By Rob Tavaglione
“I don't buy CDs anymore. There aren't any good bands today.”
“I'm not paying that much for their concert tickets. They won't sound nearly as good as they do on the radio.”
“That just sounds like a bunch of noise to me. Music today ain't what it used to be.”
These overheard opinions are harsh, but with the music industry in rapid decline they give me concern. CD sales are falling year after year, royalties from downloads are not enough to make up the difference and both artists and labels are trying to figure out what the next business model is. It's time for us engineers/producers to be more involved in a proactive solution. Perhaps we should take a hard look at our responsibility in this decline and seek positive changes.
Is there any possibility that our modern production methods have played a role in the public distaste for new music? I'm no expert and I'm not pointing fingers; it's just that I often make things sound less hi-fi than they could — for commercial acceptance — and I'm afraid to buck the norm for fear of being deemed irrelevant. Sound familiar?
Psychoacoustics tell us that the human brain can ignore highly repetitive sounds, sounds like the tick tock of the clock or the whir of the washing machine. If not completely ignorable, we easily shift these sonic patterns away from our conscious thought to a position of “listen when variation grabs our attention.” Yet we routinely quantize to the grid, eliminating the delightful push-pull of normal human rhythm. Sure, we create a tempo map for songs with sectional variation, but the tempo remains static in each musical passage. Is this practice actually making good drummers as sonically relevant as my clothes dryer?
Thanks to tuning tools we now routinely pitch correct vocals, sometimes a mere word, often across entire performances, all to make them radio friendly. This may help amateurs who struggle with pitch control, but does it de-humanize and de-legitimatize vocalists who can sing well? Does pitch perfection remove the interesting and emotive soul from a performance? Does auto-tuning send subtle cues to the brain saying, “This is not an important vocal performance: you do not need to listen intently”?
Thanks to affordable hardware and software we now have dozens of good quality compressor/limiter varieties in a virtually unlimited number. Dynamics are easily tamed, beaten into submission, and sometimes entirely removed, all in the name of creating density that we perceive as commercially competitive. Honestly, when was the last time you intently listened to an entire modern production? Are your ears fatigued after two songs? Probably not quite, but your mind is. Are missing dynamics the reason why we say “Bands today only have one or two good songs on a CD”?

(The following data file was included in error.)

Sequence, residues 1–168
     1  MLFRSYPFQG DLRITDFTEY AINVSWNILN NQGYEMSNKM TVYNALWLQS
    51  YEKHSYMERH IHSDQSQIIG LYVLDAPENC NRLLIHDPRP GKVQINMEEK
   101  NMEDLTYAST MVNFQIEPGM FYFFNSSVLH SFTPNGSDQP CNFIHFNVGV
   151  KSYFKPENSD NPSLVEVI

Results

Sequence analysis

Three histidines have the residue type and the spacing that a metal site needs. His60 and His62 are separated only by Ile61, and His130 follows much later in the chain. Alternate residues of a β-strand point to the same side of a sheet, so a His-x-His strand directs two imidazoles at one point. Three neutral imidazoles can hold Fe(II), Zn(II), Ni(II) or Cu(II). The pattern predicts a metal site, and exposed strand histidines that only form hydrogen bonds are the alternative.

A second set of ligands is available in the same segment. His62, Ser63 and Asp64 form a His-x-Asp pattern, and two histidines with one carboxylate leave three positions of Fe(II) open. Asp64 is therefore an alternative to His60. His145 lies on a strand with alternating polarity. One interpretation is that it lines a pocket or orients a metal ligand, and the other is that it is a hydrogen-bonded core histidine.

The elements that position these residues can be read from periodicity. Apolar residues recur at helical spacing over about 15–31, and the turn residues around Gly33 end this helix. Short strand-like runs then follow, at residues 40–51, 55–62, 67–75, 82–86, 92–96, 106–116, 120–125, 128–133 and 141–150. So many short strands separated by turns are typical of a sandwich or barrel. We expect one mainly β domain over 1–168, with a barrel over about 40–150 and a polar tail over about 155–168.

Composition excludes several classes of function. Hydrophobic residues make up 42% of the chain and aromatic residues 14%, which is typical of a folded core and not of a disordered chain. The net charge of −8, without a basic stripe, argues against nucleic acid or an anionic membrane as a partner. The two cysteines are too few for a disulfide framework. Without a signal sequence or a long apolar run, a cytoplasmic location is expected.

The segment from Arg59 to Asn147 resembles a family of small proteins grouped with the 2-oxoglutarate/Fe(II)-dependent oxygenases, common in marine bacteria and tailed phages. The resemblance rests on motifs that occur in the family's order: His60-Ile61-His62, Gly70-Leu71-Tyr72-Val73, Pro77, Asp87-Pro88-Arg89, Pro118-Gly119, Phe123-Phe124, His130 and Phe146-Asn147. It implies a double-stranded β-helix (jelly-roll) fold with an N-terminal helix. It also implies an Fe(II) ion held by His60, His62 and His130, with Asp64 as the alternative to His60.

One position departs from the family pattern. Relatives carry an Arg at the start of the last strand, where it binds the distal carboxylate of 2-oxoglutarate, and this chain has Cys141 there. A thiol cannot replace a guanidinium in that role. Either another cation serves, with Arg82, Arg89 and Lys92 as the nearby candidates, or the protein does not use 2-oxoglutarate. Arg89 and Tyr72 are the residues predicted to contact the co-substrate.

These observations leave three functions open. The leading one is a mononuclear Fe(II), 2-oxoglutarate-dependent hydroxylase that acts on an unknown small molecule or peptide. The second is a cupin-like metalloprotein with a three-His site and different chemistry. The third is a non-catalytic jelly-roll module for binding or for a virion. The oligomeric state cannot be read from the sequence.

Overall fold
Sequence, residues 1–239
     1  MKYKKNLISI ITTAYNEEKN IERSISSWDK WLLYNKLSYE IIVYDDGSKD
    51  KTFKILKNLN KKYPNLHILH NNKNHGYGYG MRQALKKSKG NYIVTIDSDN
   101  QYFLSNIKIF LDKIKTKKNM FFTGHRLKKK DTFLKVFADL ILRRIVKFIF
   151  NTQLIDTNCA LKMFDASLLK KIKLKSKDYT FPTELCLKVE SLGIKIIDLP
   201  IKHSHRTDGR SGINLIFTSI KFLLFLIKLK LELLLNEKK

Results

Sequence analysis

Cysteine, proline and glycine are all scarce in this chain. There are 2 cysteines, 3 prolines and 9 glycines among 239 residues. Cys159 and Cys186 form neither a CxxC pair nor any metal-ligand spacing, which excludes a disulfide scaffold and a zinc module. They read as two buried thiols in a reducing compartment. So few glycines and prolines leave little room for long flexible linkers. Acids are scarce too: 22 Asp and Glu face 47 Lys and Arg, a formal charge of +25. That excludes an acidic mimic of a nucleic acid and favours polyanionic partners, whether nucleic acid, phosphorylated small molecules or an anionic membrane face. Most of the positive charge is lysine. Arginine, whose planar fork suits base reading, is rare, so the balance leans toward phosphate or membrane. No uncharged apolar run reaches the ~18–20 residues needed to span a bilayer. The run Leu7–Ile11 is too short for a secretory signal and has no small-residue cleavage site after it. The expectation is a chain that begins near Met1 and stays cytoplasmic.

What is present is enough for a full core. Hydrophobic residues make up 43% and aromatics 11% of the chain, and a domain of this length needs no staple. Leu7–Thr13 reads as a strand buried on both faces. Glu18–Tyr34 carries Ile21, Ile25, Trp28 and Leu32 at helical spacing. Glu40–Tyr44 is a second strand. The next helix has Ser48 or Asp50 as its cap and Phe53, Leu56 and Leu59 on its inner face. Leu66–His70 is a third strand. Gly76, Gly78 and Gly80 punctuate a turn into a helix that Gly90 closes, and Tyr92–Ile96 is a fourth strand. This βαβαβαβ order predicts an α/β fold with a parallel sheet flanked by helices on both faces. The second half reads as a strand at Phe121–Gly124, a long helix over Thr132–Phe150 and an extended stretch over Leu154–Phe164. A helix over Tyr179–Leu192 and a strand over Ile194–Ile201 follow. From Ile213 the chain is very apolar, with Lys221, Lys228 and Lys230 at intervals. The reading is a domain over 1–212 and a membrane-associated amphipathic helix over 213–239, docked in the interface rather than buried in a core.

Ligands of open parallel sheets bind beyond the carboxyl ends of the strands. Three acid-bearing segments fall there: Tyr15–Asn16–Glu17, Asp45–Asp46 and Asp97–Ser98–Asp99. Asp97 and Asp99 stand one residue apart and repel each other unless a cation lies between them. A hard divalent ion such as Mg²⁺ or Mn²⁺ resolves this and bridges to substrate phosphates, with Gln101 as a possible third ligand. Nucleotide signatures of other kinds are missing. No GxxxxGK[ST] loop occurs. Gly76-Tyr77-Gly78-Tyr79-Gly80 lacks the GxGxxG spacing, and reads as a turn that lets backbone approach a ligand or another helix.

Too often, a typical modern rock recording session goes as follows: drummer lays parts down to a click, bass player overdubs to drum parts only (possibly scratch instruments too), instruments are individually overdubbed, and vocals are overdubbed after all instrumental tracks. We engineers all know how methodical and tedious this is; can you only imagine how boring and unfamiliar this is to bands and ensembles? If we take all the fun out of recording songs, can there be any fun actually IN the song? Is assembled and fabricated joy any match for the fulfillment of knocking out a great take with your mates?
Let me reiterate that these practices are employed in my studio too, and I do not claim to be above the fray; I'm only a mid-level guy with mid-level quality and minimal impact on the status quo. I'm hoping that you folks at the top, who do have influence and the means to exercise it, can look harder at your work and passionately pass on answers to the people high on the charts and at the labels.
At risk here is our very livelihood and relevance. After all, computers now come bundled with pro-quality recording programs and most any teenage hobbyist can nearly match the sonic status quo with minimal investment. If we do not lead and persuade (dare I say coerce) the “next” music industry and the public to meaningful, entertaining and essential recordings, we will certainly find ourselves as glorified hobbyists. I'm still earning a living, but —much like a newspaper publisher — I'm wondering if the world still values my work and will continue to be willing to pay for it.
Rob Tavaglione has owned/operated Catalyst Recording in Charlotte NC since 1995. He welcomes your comments firstname.lastname@example.org.